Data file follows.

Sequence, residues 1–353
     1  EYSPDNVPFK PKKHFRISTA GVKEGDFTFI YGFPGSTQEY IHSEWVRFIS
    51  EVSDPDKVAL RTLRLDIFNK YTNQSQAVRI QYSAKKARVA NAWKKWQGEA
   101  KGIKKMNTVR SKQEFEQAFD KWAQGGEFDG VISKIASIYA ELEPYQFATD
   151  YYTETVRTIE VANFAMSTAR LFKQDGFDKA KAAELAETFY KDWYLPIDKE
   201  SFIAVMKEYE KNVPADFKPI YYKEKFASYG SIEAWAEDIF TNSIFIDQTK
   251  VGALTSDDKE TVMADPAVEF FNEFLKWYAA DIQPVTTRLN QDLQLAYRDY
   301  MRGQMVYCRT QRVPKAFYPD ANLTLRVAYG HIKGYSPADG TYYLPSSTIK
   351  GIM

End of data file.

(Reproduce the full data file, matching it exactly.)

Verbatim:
Sequence, residues 1–353
     1  EYSPDNVPFK PKKHFRISTA GVKEGDFTFI YGFPGSTQEY IHSEWVRFIS
    51  EVSDPDKVAL RTLRLDIFNK YTNQSQAVRI QYSAKKARVA NAWKKWQGEA
   101  KGIKKMNTVR SKQEFEQAFD KWAQGGEFDG VISKIASIYA ELEPYQFATD
   151  YYTETVRTIE VANFAMSTAR LFKQDGFDKA KAAELAETFY KDWYLPIDKE
   201  SFIAVMKEYE KNVPADFKPI YYKEKFASYG SIEAWAEDIF TNSIFIDQTK
   251  VGALTSDDKE TVMADPAVEF FNEFLKWYAA DIQPVTTRLN QDLQLAYRDY
   301  MRGQMVYCRT QRVPKAFYPD ANLTLRVAYG HIKGYSPADG TYYLPSSTIK
   351  GIM